Arab streetwise: the counter-culture of the revolutions

The uprisings in Tunisia and Egypt have been sustained by an active countercultural scene, discovers Lorenzo Fe

August 25, 2012
4 min read

A memorial dedicated to ultra martyrs. Photo: Gigi Ibrahim

A few months ago, an Egyptian friend told me: ‘If you think the Muslim Brothers are well organised, then you should check out the ultras.’ The ultras are associations of hardcore football fans. Those of Cairo teams Zamalek and Al Ahly, now united in the Tahrir Square Ultras group, have played a crucial role in defending the revolution and politicising the youth from the slums.

On 2 February 2011, the ultras took a leading role in defending the sit-in in Tahrir Square against armed aggressors riding horses and camels, in what came to be known as the ‘Battle of the Camel’.

A year later, on 1 February 2012, there was another battle. The revolutionary youth didn’t believe for one second that the massacre of 74 Al Ahly ultras in the Port Said stadium of Al Masry was a mere accident. The police opened the barriers separating the opposing factions of supporters while the exits on the Al Ahly side had been welded shut. Then they just stood and watched the carnage.

The Al Masry ultras, accused by the media of carrying out the killings, pleaded innocence and pointed to a large presence of infiltrators, which has been confirmed by several witnesses. The Tahrir ultras interpreted the events as a retaliation, instigated by the ruling military council and other leftovers of the old regime, to punish the revolutionary ultras. The riot that followed tore down the wall built by the military in front of Cairo’s interior ministry but ended with 12 new martyrs.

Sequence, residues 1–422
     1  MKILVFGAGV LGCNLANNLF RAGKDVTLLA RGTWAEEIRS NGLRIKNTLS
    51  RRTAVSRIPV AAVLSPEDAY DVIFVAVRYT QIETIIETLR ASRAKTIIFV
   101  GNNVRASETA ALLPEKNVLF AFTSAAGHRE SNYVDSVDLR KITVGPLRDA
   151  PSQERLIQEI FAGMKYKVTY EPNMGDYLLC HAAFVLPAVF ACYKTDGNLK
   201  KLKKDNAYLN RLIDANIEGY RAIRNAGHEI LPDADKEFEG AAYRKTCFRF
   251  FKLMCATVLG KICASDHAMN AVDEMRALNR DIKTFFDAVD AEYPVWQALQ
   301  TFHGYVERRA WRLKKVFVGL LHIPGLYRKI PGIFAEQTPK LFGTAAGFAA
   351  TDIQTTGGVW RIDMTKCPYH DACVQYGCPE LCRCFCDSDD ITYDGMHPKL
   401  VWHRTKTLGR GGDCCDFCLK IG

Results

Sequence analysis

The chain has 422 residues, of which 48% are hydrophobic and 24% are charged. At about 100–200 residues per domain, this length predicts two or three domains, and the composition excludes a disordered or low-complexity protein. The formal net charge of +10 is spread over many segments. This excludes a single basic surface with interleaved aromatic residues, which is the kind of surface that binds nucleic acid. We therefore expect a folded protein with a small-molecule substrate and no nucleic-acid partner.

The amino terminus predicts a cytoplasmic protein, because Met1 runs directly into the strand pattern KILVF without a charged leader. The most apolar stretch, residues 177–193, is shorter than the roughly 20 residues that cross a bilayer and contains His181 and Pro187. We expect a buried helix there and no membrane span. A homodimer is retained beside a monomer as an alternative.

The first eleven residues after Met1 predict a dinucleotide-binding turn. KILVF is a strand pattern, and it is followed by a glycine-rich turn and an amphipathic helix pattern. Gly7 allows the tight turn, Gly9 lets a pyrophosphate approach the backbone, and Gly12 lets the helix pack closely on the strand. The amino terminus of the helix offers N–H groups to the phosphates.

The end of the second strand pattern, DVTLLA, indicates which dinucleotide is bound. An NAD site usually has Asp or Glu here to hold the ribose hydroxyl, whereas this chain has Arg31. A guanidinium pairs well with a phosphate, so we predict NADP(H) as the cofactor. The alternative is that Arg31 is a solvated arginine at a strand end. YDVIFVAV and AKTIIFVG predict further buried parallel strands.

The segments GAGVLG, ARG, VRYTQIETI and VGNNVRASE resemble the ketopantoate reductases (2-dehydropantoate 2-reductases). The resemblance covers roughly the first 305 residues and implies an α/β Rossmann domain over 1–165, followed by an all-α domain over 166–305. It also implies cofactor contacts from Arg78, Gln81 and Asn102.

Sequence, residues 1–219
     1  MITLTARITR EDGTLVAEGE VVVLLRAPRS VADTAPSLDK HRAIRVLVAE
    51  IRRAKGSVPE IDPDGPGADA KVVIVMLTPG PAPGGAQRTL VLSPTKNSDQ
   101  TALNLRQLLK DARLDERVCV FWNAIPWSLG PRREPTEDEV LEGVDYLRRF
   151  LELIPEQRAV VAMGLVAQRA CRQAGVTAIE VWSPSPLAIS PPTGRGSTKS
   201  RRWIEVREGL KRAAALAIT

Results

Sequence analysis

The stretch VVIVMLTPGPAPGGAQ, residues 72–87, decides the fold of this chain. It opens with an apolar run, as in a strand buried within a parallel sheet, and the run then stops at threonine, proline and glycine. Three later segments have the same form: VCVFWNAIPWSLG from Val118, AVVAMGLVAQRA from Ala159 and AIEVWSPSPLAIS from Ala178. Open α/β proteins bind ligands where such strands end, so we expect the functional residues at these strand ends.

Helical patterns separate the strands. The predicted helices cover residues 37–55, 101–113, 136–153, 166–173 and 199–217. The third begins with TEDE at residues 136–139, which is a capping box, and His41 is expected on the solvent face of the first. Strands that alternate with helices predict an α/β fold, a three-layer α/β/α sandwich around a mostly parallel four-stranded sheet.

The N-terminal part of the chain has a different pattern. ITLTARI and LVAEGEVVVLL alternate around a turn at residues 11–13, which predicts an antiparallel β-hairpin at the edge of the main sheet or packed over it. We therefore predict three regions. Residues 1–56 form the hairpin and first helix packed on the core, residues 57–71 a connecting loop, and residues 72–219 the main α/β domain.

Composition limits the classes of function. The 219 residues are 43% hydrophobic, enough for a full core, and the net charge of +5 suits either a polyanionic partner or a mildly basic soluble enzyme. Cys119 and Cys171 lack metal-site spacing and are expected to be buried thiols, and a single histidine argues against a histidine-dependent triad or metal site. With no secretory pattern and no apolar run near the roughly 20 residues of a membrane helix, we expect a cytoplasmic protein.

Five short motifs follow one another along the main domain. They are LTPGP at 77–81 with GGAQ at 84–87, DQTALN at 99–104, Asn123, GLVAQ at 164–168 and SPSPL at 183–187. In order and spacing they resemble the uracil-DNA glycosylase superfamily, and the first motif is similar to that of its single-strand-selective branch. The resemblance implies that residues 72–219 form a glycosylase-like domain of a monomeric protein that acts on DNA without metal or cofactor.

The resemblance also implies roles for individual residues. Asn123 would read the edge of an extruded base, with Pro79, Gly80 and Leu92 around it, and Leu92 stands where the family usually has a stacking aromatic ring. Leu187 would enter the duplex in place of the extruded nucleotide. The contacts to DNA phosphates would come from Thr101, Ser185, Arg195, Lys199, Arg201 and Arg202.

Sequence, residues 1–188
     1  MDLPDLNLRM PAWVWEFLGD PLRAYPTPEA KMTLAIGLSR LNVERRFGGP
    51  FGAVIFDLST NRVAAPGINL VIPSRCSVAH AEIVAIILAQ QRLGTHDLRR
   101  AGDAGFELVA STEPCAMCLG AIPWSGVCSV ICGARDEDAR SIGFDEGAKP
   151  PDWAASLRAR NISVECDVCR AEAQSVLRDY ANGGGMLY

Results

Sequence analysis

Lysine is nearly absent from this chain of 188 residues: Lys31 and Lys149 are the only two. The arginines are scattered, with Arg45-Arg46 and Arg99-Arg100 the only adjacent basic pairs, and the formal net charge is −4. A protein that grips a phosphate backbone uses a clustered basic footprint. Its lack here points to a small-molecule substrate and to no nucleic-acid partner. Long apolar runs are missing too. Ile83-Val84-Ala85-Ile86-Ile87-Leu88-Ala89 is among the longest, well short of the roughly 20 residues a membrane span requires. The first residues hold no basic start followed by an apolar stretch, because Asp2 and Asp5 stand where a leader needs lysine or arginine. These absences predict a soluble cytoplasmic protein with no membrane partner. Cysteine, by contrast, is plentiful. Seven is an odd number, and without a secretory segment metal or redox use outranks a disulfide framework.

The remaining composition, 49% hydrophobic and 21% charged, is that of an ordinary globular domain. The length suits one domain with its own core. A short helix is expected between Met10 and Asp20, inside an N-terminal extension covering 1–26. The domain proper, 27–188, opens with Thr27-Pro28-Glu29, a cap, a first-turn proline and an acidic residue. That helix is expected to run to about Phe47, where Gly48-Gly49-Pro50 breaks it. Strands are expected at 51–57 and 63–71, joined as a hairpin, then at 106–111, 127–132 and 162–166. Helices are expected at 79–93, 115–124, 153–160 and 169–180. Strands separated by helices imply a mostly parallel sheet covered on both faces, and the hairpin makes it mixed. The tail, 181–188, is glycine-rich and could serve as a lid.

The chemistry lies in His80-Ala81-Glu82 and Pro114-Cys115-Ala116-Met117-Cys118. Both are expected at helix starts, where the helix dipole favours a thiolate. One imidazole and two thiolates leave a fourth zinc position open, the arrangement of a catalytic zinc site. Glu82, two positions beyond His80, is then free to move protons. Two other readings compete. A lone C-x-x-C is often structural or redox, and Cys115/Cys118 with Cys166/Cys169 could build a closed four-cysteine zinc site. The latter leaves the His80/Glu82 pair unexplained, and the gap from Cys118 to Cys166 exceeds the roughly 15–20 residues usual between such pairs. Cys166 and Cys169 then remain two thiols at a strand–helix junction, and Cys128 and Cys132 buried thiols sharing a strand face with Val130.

The ultras movement is not the only youth counter-culture to come to the fore with the revolutionary events in Egypt. Hip hop and street art went through a similar process of radicalisation. During the months following ex-president Hosni Mubarak’s downfall, Cairo’s walls have been transfigured with graffiti celebrating the revolution, political slogans, logos of revolutionary groups and rebellious stencils. As the powers-that-be are too busy to take care of this sort of ‘crime’, the artists paint openly during the day and feel no need to conceal their identity, which is easily traceable on the internet. Among the most notorious vandals – who often reject the ‘street artist’ label – are Ganzeer, Sad Panda, Keizer and El Teneen.

In the west, El Général – a Tunisian – was the best-known symbol of the role played by rap in the Arab Spring protests. In November 2010 he released on YouTube the track ‘Rais Lebled’, denouncing Tunisia’s social miseries. During the uprising he openly attacked the elite with the piece ‘Tounes Bladna’. This led to his arrest on 6 January 2011, which in turn resulted in him becoming a national star and some sort of saint for western media.

Unfortunately, in the meantime, El Général became close to the Islamist right now in power. This alignment is exemplified by the track ‘Allahu Akbar’, which together with religious lyrics delivered in a quite aggressive fashion features a couple of unmistakably anti-semitic rhymes.